Powerful, consistent, feature-rich. Coming from a python, java, web background, was really blown away. Wish more people would give .NET a chance. It isn't like it used to be when I first tried it in College and hated it.


I don't think there's hatred for the ecosystem, it's just one that you don't get to see unless you're exposed to it by chance or pushed into it for a specific reason.

.NET is in the corporate world but you'll have a harder time finding a .NET-related job if you don't already know stuff about it.

Since I don't currently use windows and I don't casually want to build a corporate type of software on another system in my free time (I'd much rather fold some origami, I'm likely one of the people that aren't called "passionate" about dev), I didn't get to be exposed to it easily - unlike "typical" web and mobile-related languages for example (Java, Obj-C/Swift, JS). Some of it might have been shown when I was a student (Java), and other things are just requirements of the times (I want to try making a mobile app -> either web or native languages). Didn't see .NET at university, and early jobs didn't involve that, so now it feels like a missed train somehow.

Is it worth focusing on when you're not already living in that ecosystem and you're on your own?


I think you're right about the separation of ecosystems into .NET vs. everything else. I often idly run a find-in-page for .NET/C# on the Who's Hiring threads just to monitor uptake in the start-up world and rarely get more than about 6 hits in 100s of posts.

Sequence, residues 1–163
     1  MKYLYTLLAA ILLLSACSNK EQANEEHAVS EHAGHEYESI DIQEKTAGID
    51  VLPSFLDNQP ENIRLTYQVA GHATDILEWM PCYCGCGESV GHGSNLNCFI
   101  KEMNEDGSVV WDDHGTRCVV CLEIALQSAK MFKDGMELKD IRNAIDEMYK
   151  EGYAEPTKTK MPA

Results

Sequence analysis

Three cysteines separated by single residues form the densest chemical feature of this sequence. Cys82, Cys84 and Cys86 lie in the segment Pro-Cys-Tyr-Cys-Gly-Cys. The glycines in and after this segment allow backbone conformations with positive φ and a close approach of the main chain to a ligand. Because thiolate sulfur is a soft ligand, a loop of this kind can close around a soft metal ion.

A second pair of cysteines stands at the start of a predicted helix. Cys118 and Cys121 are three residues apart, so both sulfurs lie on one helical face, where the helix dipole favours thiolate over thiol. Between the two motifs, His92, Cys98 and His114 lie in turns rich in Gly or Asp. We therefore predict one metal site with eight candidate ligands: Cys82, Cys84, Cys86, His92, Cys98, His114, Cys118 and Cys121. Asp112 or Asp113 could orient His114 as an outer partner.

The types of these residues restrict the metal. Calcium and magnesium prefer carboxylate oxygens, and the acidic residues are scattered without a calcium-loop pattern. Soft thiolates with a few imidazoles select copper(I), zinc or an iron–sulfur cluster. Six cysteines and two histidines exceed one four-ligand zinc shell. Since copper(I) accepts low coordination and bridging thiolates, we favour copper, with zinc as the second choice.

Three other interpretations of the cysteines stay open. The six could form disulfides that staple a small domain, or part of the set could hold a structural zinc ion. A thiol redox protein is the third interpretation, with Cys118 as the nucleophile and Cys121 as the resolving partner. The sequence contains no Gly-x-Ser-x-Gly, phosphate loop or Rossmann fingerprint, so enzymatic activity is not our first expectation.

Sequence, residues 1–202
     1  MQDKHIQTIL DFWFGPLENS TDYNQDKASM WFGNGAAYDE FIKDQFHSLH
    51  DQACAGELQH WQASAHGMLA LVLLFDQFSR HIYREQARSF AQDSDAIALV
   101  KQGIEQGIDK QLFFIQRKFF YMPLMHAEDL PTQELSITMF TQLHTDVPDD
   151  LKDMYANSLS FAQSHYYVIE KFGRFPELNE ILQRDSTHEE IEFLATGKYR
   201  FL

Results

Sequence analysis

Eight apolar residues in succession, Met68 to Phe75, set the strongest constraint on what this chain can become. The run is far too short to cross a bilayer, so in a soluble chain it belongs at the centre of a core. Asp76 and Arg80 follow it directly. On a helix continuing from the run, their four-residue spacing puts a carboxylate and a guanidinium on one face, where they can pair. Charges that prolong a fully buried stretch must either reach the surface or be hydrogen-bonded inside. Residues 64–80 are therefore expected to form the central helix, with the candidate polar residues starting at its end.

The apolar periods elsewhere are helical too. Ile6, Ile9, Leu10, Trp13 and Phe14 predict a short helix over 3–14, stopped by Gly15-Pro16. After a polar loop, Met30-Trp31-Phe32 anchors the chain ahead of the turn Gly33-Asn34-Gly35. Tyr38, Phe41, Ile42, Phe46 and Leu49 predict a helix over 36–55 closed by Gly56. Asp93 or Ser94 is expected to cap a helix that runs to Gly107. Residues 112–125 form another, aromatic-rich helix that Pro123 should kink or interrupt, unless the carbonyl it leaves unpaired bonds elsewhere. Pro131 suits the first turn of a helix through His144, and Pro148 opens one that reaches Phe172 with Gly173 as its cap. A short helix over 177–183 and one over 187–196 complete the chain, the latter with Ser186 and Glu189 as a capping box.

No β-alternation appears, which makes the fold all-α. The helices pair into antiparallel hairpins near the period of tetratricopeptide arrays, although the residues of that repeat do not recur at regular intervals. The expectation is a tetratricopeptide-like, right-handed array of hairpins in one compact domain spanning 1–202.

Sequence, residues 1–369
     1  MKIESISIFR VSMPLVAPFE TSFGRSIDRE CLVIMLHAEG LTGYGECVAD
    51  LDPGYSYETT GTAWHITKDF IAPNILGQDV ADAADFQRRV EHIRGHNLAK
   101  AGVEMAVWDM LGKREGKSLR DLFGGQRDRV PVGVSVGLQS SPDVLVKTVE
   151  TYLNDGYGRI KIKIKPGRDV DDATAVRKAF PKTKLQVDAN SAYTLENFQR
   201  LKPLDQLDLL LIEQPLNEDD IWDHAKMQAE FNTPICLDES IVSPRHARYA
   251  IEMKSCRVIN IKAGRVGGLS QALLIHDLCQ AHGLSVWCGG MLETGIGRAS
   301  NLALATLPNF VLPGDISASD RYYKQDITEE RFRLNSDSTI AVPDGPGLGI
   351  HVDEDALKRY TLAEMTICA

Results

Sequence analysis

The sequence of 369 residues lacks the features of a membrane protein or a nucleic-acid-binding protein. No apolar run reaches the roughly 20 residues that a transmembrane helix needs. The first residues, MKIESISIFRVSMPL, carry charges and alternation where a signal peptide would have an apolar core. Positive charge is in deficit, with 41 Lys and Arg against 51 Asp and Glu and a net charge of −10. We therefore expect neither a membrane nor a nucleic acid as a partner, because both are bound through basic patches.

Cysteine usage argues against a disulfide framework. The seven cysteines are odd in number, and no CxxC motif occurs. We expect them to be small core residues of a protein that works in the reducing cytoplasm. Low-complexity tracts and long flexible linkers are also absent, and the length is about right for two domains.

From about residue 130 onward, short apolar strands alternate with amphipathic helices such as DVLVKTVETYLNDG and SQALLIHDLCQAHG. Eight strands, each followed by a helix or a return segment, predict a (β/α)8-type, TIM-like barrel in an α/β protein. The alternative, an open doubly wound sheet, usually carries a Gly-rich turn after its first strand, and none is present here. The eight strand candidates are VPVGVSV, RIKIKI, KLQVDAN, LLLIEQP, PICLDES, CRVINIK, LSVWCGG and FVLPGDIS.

I ended up in a C# role by chance coming from a non-software background and it can often feel like a separate world; so many discussions in the other ecosystems just feel less relevant since C# is so batteries included you rarely have to venture outside the confines of the officially mandated environment.

While there's a lot of stuff in the corporate environment on Windows servers and old full-framework code there's also a healthy and growing Linux first community using .NET.

I don't know that I'd recommend it particularly from outside if not trying to start a .NET role specifically, I don't think (based on the languages you list having experience with) it will help you learn anything particularly new, in the way that learning a functional language does for someone with an OOP background. Though LINQ is quite a nice way for people unfamiliar with functional programming to ease into it from an OOP environment.

With .NET 5 / dotnet core the getting started is easier than it used to be (thanks to dotnet new https://dotnet.microsoft.com/learn/dotnet/hello-world-tutori...) and a lot more like other languages/frameworks, but without a specific aim I think it's going to be hard to be motivated to get in-depth with the environment.